To complete the course, the students are expected to dedicate 10 hours a week of studies, using Moodle as the virtual learning environment.

Interaction with students occurs mainly with distance mentors (in a proportion of one for every 25 students) and on-site mentors (one for each site), via discussion panels, and through individual messages. In the second course, we included a communication channel with a moderator and a social panel called Web coffe.

Learning was assessed weekly after presentation of each topic through use of a test with autocorrected responses. In addition, activities were conducted through the discussion panels, with the objective of correlating acquired knowledge in theory with professional experience in practice.

In the first iteration of the course, student participation in discussion panels was not mandatory or evaluated. Thus, we observed that students did not completely explore or use the tool, event with continual invitations sent by the moderators. With the second course, participation in discussions panels was graded according to an assessment of students’ posts. This approach enhanced the frequency of students’ participation in on-line discussions.

Two on-site meetings were done on sites. The first meeting occurred midway through the course and the second upon presentation of the final paper, general test, and course assessment. In the second iteration of the course, a welcome greeting and presentation were done by the program coordinator by web conferencing.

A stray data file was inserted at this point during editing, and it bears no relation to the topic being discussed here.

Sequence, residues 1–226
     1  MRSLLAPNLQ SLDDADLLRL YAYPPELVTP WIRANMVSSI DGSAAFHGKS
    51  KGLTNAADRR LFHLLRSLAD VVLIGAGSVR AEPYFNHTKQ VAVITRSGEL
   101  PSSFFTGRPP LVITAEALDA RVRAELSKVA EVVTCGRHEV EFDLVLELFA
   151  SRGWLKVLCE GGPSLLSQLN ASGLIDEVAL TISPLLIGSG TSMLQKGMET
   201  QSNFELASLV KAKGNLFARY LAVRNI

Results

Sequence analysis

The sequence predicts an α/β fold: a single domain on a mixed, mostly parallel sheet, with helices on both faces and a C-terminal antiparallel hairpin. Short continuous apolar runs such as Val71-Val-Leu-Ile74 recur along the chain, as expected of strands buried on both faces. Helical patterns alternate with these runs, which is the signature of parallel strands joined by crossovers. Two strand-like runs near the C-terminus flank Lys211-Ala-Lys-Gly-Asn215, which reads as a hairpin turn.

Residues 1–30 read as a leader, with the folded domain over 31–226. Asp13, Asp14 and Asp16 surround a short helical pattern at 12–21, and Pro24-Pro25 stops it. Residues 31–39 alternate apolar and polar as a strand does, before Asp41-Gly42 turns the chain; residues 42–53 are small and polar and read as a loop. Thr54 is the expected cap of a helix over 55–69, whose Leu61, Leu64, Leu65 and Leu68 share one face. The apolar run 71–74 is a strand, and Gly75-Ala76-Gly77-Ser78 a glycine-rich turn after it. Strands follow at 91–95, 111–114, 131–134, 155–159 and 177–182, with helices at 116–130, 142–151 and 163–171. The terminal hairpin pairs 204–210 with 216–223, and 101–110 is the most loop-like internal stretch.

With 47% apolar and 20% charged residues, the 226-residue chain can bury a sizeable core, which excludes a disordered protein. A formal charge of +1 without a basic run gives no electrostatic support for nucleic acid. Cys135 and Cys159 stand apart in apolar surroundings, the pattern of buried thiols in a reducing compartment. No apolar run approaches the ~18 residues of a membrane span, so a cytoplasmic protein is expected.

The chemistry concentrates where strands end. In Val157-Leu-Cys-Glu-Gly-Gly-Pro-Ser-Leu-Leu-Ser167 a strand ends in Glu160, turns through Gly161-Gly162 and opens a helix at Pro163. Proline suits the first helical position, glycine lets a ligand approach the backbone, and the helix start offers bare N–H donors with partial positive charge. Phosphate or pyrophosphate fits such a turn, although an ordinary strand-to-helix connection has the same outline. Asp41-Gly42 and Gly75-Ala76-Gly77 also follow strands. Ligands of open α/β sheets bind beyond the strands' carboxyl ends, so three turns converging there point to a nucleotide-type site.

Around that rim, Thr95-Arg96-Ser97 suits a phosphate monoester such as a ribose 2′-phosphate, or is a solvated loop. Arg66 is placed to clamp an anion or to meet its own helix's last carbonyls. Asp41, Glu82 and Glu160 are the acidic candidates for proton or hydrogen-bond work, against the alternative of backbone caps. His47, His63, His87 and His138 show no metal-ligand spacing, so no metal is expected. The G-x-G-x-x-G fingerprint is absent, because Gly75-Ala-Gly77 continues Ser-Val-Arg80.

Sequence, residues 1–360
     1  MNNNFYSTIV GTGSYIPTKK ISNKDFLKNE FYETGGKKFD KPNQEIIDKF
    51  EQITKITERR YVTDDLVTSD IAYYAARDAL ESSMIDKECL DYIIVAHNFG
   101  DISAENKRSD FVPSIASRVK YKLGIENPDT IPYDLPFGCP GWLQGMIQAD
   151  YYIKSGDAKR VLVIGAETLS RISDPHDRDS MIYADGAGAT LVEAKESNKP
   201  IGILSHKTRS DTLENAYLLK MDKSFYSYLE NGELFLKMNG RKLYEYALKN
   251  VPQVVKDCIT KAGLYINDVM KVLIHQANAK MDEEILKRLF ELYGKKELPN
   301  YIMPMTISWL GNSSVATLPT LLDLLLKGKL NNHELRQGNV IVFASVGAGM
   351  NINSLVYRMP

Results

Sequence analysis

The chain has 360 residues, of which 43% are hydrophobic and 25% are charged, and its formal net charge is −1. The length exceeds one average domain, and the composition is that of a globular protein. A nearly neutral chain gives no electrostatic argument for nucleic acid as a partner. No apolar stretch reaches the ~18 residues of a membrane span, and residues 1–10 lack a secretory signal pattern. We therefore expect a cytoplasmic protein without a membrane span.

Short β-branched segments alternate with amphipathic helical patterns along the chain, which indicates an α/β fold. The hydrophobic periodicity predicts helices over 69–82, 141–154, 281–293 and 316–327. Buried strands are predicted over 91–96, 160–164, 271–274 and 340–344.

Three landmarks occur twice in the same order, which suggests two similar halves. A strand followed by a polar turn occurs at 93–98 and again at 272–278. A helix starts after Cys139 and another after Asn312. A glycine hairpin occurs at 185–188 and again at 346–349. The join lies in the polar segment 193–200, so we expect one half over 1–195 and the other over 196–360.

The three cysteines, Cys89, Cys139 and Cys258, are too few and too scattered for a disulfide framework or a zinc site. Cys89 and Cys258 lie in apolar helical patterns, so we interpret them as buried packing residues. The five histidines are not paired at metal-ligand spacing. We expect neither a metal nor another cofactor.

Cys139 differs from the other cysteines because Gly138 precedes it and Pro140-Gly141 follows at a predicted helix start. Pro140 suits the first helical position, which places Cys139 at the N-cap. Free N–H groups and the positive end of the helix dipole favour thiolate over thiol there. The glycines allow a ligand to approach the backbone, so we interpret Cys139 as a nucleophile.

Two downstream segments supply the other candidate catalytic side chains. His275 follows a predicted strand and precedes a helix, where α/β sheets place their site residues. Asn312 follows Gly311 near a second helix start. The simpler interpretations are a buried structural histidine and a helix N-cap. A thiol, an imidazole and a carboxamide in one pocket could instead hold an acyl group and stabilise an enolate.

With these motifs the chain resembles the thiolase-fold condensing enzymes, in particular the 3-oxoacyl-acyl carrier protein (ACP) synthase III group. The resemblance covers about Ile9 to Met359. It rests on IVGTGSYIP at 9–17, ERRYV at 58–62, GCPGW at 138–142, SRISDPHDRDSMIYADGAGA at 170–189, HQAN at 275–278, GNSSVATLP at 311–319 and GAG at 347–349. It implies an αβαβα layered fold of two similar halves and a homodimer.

This study evaluated the distance education version of the Specialization Program in Nursing Management according to the students’ perspectives.

Methods

This exploratory, descriptive analysis with a quantitative approach was developed for two distance courses in Nursing Management at the Nursing College of São Paulo at Universidade Federal de São Paulo.

The study population consisted of 495 students in the first group of and 427 in the second group, totaling 922 students. We included in the study students who concluded the program and signed the consent form. The final sample was composed of 216 students in the first group and 268 students in the second group.

The assessment instrument was a semi-structured questionnaire based on quality indicators for distance undergraduate program already established in Brazil that was divided into six categories: access location, hours dedicated to the program, professors, mentors, students’ expectations, and general assessment. We considered the following answers: yes, no, partially, and not applicable; general assessment was considered as excellent, good, fair, or poor.

This instrument was evaluated by three specialists with experience in nursing management and distance education courses. The specialists suggested small reformulations, and all suggested changes to the questionnaire were made.

Data were collected on-site on the day of the final paper presentation during two periods. Data from the first group were collected in the second semester of 2010 and data from the second group were collected in the second semester of 2011.